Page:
INTERNATIONALLY-traveLled and acclaimed Bulawayo arts group, Inkululeko Yabatsha School of Arts (Iyasa) director Nkululeko Innocent Dube has said the 20-year journey in the music industry has been a learning curve for the group and him as a leader.
BY NKULULEKO SIBANDA
Dube, a teacher by profession, said this to NewsDay Life & Style as the group celebrated its two decades in the showbiz industry with a performance at a packed Amphitheatre auditorium in Bulawayo.
“The last 20 years have not been easy for me as Nkululeko Innocent Dube and also as a director of Iyasa. The time has been one where we have learnt a lot of things from here at home and abroad,” he said.
“It has also been a period that has been a roller coaster, where we have had more ups than downs, which have given us a good reason to keep going and producing acts for our audiences.”
He said Iyasa had outgrown being a group that belonged to one person, but had become an institution that had given birth to many artistes who have gone to make it both locally and abroad.
“We have discovered that Iyasa has become an incubation hub, where we have developed artists, nurtured them, and when they become fully grown, we have allowed them to fly and flourish in other spheres of the arts sector,” he said.
Some of the names that have been born within the Iyasa stable include Sandra Ndebele, Nomathamsanqa Mkhwananzi, now known as Nkwali in the arts circles, and Future Sibanda, among others.
Dube reiterated the need for the corporate world to support the group as well as the arts sector, saying such a symbiotic relationship is what the arts and creative sectors in Zimbabwe need to fully realise their potential.
“We have a challenge where government and the corporate world believe we are benefiting from them. We are of the view that government and the corporate world can also benefit from the arts sector,” he said.
“We need them to also come on board so that together, we can realise the dream of making the arts sector a marvel for the world.”
Meanwhile, on New Year’s night, as part of the celebrations, the group put up a spirited show that brought the house down.
The show proved why the group has maintained its spot as one of the most sought-after arts ensemble from the country’s second largest city.
In the years, Bulawayo has been the runaway hub of the arts industry in Zimbabwe, earning itself the tag “the melting pot for the arts industry”.
For the ordinary showgoer, the electrifying show that the Dube-led group (Iyasa) put up will stand out as a tip of the iceberg of what to expect in the arts in Bulawayo this year.
Rarely do families come out as a unit to witness such an amazing show, which left arts enthusiasts asking for more, and on the edge of their seats.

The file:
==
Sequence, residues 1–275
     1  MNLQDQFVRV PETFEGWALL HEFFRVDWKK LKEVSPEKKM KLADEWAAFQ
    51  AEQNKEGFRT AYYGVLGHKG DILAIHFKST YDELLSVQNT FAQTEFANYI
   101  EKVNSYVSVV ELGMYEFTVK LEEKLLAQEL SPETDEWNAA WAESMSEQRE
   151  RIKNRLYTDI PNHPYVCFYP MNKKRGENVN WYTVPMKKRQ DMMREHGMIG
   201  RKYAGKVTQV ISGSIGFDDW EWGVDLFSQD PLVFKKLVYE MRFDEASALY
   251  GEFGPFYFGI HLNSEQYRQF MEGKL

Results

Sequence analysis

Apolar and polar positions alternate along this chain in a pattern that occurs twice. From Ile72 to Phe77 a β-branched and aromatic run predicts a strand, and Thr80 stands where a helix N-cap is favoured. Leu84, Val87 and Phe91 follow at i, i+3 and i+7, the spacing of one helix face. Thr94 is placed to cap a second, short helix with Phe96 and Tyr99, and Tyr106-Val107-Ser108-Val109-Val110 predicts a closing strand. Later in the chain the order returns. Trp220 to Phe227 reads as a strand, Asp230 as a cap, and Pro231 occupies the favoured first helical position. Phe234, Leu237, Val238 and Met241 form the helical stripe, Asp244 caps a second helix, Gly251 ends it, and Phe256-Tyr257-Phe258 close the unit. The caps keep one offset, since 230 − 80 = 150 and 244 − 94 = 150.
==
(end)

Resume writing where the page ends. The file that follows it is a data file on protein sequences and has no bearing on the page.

While in most instances the first set or piece of a musical or theatre show is the one that puts the spectator on or off and gives them an idea of what to expect, for Iyasa on the night, their opening act became an appetiser that made the show a must-watch for many.
Kicking off with the song Emoriva by South African outfit Iphintombi, the smart and colourfully dressed Iyasa exhibited their nimble-footedness and exuberance as they kicked off their performances at a memorable night.
One of the highlights of the show came as the group tantalised the crowd with an act from a song originally done by music icon, Tina Turner, entitled What’s Love Got to Do with It.
Standing out was the main lead in the particular act, Buhlebenkosi Sibanda, whose black outfit from top to bottom, brightened by glittering buttons, was just what the doctor had ordered, danced and gyrated like there was no tomorrow, leaving the crowd in awe and appreciation.
The Soul Brothers’ Ogandanganda hit took the show to a higher gear as the all-boys Iyasa outfit drove the crowd into hysteria with their dance routines.
Before the crowd could recover from cloud nine, an all-girls outfit, dressed in beautiful designer suits that fitted them well, invaded the stage and took the show another notch up, much to the excitement of the crowd, made up mostly of mature adults who connected well with the music.
The two other outstanding acts, among a host of others, on the night that became one of the group’s productions and a national anthem in Bulawayo’s suburbs, was S’jaiva Sibancane and the re-make of the comic Baby Cry, which was played by a hilarious Nqobizitha Ncube.
The act was a marvel to watch as Ncube, clad in baby diapers and a black skin tight, left the crowd in stitches with his antics, which emulated a wailing baby.